I agree with you about Monica McCarty’s books — they’re very good, I think. I read the first one and have the next in the TBR pile. I tend to be a bit picky about Scottish books, and I think Monica gets it right.
    Hi Deb, thanks for dropping by. Glad to see I’m not alone in enjoying highland romances.

    Reply
  76. Kathryn, I actually don’t think that editor was making a judgement based on any particular experiences. I really think a good part of it was something like ancient emnity between the English and Scots — not actual emnity, as such, but the inherited echo of it coloring her views.
    Sounds like you had a fabulous time in Scotland. What’s not to love about being shown a country by a gorgeous man?

    Reply
  77. Kathryn, I actually don’t think that editor was making a judgement based on any particular experiences. I really think a good part of it was something like ancient emnity between the English and Scots — not actual emnity, as such, but the inherited echo of it coloring her views.
    Sounds like you had a fabulous time in Scotland. What’s not to love about being shown a country by a gorgeous man?

    Reply
  78. Kathryn, I actually don’t think that editor was making a judgement based on any particular experiences. I really think a good part of it was something like ancient emnity between the English and Scots — not actual emnity, as such, but the inherited echo of it coloring her views.
    Sounds like you had a fabulous time in Scotland. What’s not to love about being shown a country by a gorgeous man?

    Reply
  79. Kathryn, I actually don’t think that editor was making a judgement based on any particular experiences. I really think a good part of it was something like ancient emnity between the English and Scots — not actual emnity, as such, but the inherited echo of it coloring her views.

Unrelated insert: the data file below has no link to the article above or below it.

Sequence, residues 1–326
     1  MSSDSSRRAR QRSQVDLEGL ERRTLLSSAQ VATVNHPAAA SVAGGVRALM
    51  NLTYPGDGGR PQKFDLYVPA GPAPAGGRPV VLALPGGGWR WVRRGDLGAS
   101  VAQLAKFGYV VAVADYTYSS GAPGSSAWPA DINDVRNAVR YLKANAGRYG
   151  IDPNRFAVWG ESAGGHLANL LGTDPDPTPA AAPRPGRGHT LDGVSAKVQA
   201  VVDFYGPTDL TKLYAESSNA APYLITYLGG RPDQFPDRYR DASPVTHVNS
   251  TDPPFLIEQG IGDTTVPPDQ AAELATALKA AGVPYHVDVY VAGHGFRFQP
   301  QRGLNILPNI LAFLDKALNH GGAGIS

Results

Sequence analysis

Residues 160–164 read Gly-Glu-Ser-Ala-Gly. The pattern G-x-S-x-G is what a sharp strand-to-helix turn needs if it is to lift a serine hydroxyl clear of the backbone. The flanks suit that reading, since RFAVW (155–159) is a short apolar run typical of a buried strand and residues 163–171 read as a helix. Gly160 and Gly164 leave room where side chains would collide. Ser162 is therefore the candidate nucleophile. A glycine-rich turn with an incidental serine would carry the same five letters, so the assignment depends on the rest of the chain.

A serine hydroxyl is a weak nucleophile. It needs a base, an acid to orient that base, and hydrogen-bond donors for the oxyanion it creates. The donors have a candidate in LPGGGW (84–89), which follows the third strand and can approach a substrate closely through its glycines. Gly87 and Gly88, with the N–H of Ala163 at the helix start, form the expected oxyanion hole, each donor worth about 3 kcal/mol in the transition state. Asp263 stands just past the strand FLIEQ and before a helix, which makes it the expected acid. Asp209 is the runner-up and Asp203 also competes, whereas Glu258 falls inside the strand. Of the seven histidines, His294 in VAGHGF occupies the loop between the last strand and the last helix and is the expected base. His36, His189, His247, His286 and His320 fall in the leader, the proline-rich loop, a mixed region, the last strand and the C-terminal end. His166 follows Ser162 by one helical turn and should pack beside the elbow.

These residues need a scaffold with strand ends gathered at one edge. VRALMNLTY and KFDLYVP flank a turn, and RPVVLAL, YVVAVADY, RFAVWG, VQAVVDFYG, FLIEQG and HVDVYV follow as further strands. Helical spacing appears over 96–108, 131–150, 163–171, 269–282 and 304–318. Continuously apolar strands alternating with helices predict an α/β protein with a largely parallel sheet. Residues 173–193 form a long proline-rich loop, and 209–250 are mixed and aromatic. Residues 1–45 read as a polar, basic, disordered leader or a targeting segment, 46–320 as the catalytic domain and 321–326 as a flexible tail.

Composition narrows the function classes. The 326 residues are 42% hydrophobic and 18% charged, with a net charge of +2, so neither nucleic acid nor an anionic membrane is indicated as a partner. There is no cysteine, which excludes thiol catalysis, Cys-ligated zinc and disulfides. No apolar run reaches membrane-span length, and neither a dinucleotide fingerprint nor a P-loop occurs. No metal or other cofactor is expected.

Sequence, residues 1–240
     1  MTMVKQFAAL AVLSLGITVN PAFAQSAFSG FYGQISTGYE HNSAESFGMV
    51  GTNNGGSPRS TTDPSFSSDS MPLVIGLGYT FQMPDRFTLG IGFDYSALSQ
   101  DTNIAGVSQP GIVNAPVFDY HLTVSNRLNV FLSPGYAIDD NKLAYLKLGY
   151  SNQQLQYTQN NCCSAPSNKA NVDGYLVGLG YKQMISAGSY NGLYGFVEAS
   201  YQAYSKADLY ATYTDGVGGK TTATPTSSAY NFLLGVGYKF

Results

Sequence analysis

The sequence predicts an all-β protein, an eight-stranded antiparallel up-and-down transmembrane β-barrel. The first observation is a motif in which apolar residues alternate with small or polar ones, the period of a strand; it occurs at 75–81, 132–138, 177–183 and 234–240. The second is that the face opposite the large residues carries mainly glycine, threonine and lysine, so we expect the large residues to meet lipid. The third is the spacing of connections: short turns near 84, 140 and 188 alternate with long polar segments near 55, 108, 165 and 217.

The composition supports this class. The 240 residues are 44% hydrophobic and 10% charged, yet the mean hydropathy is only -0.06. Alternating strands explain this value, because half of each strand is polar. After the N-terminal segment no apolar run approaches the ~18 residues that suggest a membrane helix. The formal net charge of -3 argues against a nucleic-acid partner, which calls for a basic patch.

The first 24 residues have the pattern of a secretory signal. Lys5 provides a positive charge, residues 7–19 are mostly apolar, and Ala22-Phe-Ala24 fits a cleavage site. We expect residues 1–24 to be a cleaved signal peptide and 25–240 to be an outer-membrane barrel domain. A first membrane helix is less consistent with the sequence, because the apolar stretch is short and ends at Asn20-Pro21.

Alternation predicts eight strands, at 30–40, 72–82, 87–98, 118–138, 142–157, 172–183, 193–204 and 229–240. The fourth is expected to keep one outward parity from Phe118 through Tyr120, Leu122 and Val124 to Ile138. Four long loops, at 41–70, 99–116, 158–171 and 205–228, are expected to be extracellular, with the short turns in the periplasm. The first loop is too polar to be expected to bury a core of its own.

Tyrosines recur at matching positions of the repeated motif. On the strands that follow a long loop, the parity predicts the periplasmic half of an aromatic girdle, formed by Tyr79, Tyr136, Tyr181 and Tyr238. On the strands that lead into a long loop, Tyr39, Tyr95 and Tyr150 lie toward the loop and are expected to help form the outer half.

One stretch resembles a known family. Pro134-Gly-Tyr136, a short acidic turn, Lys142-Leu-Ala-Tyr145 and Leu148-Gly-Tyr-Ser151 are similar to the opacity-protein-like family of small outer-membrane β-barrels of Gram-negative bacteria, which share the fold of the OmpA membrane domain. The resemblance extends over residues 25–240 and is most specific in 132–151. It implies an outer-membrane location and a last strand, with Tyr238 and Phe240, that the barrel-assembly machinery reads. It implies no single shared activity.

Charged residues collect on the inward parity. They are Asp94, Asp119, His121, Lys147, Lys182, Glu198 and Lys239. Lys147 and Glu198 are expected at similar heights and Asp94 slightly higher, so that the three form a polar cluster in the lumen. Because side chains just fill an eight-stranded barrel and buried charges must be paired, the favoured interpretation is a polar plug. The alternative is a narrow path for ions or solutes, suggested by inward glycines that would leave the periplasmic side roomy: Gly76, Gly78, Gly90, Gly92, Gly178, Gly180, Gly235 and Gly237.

Sounds like you had a fabulous time in Scotland. What’s not to love about being shown a country by a gorgeous man?

    Reply
  80. Kathryn, I actually don’t think that editor was making a judgement based on any particular experiences. I really think a good part of it was something like ancient emnity between the English and Scots — not actual emnity, as such, but the inherited echo of it coloring her views.
    Sounds like you had a fabulous time in Scotland. What’s not to love about being shown a country by a gorgeous man?

    Reply
  81. Thanks, Theo, I hope you enjoy the book.
    The wee lambs are gorgeous, aren’t they? I really fell for them when I was a kid, with their earnest little black faces. And when the sheep are trotting along, their long wool swings like a kilt.
    And yes, growing up with men who can wear the kilt is a fine thing. I don’t ever remember my dad wearing one, but my brother wore the kilt very well. Far from it being a man-in-a-skirt thing, a masculine man, I think, looks even more masculine in the kilt. Well, all you only have to look at Sean Connery to see that.

    Reply
  82. Thanks, Theo, I hope you enjoy the book.
    The wee lambs are gorgeous, aren’t they? I really fell for them when I was a kid, with their earnest little black faces. And when the sheep are trotting along, their long wool swings like a kilt.
    And yes, growing up with men who can wear the kilt is a fine thing. I don’t ever remember my dad wearing one, but my brother wore the kilt very well. Far from it being a man-in-a-skirt thing, a masculine man, I think, looks even more masculine in the kilt. Well, all you only have to look at Sean Connery to see that.